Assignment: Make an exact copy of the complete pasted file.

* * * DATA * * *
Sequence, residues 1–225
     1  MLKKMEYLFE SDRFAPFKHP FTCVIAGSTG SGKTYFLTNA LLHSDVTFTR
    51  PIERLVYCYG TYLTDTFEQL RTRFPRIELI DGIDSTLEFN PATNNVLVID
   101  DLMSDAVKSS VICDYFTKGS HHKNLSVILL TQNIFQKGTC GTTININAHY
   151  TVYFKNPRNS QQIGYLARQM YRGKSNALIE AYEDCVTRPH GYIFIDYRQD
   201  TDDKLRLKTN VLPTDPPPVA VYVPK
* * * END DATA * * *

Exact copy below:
Sequence, residues 1–225
     1  MLKKMEYLFE SDRFAPFKHP FTCVIAGSTG SGKTYFLTNA LLHSDVTFTR
    51  PIERLVYCYG TYLTDTFEQL RTRFPRIELI DGIDSTLEFN PATNNVLVID
   101  DLMSDAVKSS VICDYFTKGS HHKNLSVILL TQNIFQKGTC GTTININAHY
   151  TVYFKNPRNS QQIGYLARQM YRGKSNALIE AYEDCVTRPH GYIFIDYRQD
   201  TDDKLRLKTN VLPTDPPPVA VYVPK